Save the Children is warning of a global increase in acutely malnourished children for the first time in a decade – with the increase most evident in East Asia.
The charity’s Child Development Index – published every four years – measures child development against three criteria: the number of children in school, under five mortality rates and the number of underweight children.
Whilst there has been impressive progress in cutting child mortality and getting more children into school, acute malnutrition is on the rise.
In East Asia, the proportion of children suffering from wasting – an indicator of acute malnutrition - rose by almost 17%.
The findings come amid a back drop of high and volatile food and fuel prices, which is making it much harder for families to afford to feed their children properly.
“When prices of food and fuel increase, children are the first to go without. The Child Development Index is showing very clearly that this is the case. We have seen great improvements in both health and education” said Jasmine Whitbread, CEO of Save the Children, “However we must not forget the most basic of needs: food. This alarming increase in children suffering from acute malnutrition threatens to undo decades of work by governments and the international community.”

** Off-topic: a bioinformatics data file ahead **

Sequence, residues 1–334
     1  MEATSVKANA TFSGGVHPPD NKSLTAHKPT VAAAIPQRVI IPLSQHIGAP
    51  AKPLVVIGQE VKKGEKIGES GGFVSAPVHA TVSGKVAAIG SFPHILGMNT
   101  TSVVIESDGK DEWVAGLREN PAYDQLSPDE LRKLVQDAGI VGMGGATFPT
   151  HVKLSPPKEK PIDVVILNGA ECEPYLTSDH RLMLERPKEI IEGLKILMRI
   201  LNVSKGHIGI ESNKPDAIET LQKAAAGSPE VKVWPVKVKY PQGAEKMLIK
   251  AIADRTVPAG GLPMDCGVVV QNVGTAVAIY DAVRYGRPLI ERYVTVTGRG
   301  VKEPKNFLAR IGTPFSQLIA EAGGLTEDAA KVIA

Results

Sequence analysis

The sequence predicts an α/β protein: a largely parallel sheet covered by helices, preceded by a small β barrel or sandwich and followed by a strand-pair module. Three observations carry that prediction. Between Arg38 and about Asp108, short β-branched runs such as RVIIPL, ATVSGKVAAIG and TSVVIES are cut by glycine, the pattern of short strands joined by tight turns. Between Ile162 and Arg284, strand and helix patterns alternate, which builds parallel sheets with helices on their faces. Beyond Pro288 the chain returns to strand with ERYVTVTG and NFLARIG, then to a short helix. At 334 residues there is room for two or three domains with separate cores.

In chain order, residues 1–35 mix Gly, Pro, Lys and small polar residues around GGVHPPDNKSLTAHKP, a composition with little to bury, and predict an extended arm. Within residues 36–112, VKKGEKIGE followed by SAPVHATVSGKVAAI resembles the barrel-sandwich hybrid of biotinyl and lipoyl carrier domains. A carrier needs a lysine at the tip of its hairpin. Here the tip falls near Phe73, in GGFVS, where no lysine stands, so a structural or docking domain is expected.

However, the picture in other parts of Asia was starkly different. China, the world’s most populous nation, was the highest climber in the Asia region rising 13 places to reach 29thin the Index. The percentage of underweight children there has decreased by 6% points.
Japan is the top of the Index with zero percent of children underweight and a 100% primary school enrollment rate.
“We have seen that progress is possible. We must act now and set national and international targets to dramatically bring down the number of acutely malnourished children,” said Whitbread.
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Notes to editors:
• The increase in malnutrition is specifically based on wasting (acute weight loss as the result of grave deprivation of nutritious food at a specific point in time) which is symptomatic of acute malnutrition.
• Malnutrition is the underlying cause of 2.6 million children dying in 2010 – the majority being attributed to chronic malnutrition
• The CDI uses statistics from the World Bank, UN and national sources, and calculates periodic averages for 1995-99, 2000-04 and 2005-10
• Slow progress in reducing the number of underweight children since 2000 is at odds with the other indicators, prompted the charity to look closer at further figures on wasting (weight for height) and stunting (height for age) thus highlighting that wasting or acute malnutrition actually increased , from the first half of the 2000s to the second.
• The rise occurred in the 2nd half of the decade and there are more hungry children than during the first reporting period starting in 2000. There is as yet insufficient accurate data available for 2011-12.
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